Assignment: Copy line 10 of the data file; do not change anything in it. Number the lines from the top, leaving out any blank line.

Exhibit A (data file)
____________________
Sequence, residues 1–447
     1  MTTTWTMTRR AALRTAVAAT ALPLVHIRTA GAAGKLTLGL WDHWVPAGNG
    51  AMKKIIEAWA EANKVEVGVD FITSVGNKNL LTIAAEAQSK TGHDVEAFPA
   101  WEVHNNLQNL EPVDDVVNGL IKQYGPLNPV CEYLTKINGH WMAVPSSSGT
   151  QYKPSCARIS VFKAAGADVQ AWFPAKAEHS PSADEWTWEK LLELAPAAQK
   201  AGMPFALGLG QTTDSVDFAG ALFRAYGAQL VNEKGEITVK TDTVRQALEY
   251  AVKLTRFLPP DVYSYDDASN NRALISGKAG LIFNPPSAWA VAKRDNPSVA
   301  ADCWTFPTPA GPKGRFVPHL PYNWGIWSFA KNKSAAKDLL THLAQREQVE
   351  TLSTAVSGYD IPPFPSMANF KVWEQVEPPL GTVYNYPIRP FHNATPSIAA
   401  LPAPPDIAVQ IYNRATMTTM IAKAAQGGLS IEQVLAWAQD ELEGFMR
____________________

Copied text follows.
   401  LPAPPDIAVQ IYNRATMTTM IAKAAQGGLS IEQVLAWAQD ELEGFMR